The initial phase of Butler County’s sports complex – 22 multipurpose fields – is scheduled to open for tournament play in 2014. MetroParks also received $1 million in state money to put artificial turf on some fields.

The park system is trying to raise $24 million to build ball fields, a concession stand, concert venue and other amenities at the complex.

Bureau officials have talked about new complex for years

Right now, Warren County Convention & Visitors Bureau “borrows” publicly owned playing fields from local communities, Smith said.

For instance, the USA Ultimate Division-I College Championships were played at Mason’s Heritage Oak Park and Mason High School over the Memorial Day weekend.

The availability of community fields is limited, though. They are available only when communities don’t already have them booked for their own athletic events, Smith said.

Bureau officials have been talking for years about the need for a sports complex. Finding the Lebanon site comes months after the bureau’s push fell through to build the sports complex on the county fairgrounds after Lebanon Raceway abandoned it for a move to the new Miami Valley Gaming racino off Interstate 75 in Turtlecreek Township.

The sports complex idea lost out to the concept of an equestrian events center and an exposition hall at the fairgrounds for corporate business meetings, trade shows, concerts, banquets and festivals.

That focus would still allow enough parking for the county fair each July on the green space there, which would have been eaten up by athletic fields at a sports complex, Warren County Commissioner Pat South said.

“It is an excellent project,” said South, who is on a committee to recommend ideas for redevelopment of the fairgrounds.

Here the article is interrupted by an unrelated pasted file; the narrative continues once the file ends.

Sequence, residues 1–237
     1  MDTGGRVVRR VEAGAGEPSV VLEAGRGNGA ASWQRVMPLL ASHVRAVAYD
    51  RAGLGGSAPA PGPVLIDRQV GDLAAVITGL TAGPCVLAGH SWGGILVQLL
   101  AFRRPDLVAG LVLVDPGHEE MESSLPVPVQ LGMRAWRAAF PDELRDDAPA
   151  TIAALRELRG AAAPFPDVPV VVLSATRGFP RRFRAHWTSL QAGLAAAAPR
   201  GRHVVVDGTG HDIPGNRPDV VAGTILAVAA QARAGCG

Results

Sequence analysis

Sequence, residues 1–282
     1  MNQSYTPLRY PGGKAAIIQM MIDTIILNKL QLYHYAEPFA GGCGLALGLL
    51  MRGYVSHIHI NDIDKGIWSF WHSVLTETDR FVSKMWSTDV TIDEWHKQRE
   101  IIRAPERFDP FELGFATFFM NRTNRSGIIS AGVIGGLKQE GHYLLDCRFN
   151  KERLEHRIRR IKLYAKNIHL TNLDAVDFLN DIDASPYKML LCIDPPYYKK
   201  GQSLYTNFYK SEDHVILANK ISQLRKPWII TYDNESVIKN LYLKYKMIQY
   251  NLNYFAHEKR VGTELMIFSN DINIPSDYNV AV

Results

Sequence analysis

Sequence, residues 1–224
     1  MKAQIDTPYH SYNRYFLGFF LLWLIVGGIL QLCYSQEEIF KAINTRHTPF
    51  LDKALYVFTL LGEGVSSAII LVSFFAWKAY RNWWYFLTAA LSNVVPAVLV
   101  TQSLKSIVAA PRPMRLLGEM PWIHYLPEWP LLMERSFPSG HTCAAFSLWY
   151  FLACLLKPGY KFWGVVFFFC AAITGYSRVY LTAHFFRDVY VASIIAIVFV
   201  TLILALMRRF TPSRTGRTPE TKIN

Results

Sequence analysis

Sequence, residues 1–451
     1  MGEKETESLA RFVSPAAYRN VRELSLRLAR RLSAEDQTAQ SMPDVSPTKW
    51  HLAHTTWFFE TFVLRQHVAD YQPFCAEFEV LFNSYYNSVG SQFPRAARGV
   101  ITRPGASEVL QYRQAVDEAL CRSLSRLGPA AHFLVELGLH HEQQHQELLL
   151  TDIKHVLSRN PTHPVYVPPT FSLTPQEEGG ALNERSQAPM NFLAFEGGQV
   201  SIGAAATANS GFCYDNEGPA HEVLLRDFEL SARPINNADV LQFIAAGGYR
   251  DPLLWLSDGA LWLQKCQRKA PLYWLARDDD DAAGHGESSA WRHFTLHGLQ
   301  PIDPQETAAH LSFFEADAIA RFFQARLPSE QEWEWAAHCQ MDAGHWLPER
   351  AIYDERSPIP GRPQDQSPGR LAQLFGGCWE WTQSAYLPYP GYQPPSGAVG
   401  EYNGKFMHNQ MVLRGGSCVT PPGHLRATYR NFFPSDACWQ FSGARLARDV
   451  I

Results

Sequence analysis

“But they realized they couldn’t guarantee the type of revenue that would normally be expected when you are consuming that much land and having to accommodate other uses. You can’t park on ball fields. You damage them.” ⬛

What’s next at the Warren County Fairgrounds?

The Warren County Fairgrounds just outside downtown Lebanon used to be the home to Lebanon Raceway.

Since that moved north to the Miami Valley Gaming racino last year, a county-appointed committee is working to recommend how to redevelop the 97.5 acres in a way that would allow the fair to remain there but still make money.

An electrical analysis now is underway in a plan to turn the fairgrounds into an exposition and events center to host equestrian events, corporate trade shows and meetings, as well as fairs, concerts and festivals, said Warren County Commissioner Pat South, who is on the redevelopment committee.

“Once we get the electrical analysis, that will help us define whether or not the grandstands are salvageable in part or whole and what kind of renovation costs are required,” she said. “Other than that it’s upgrades and renovation to the other (buildings).”

Warren County, which owns the fairgrounds, expects to receive $4.5 million – $1.5 million in racetrack redevelopment money from the state and another $3 million from Miami Valley Gaming – to redevelop the fairgrounds.

Warren County had hoped to receive a total of $6 million, with $3 million coming from the state. But the state recently set restrictions on how much publicly owned former racetracks would receive of the state funding available.

South said she did not yet know when the proposed redevelopment plan would be considered by the whole committee for a possible recommendation to Warren County commissioners.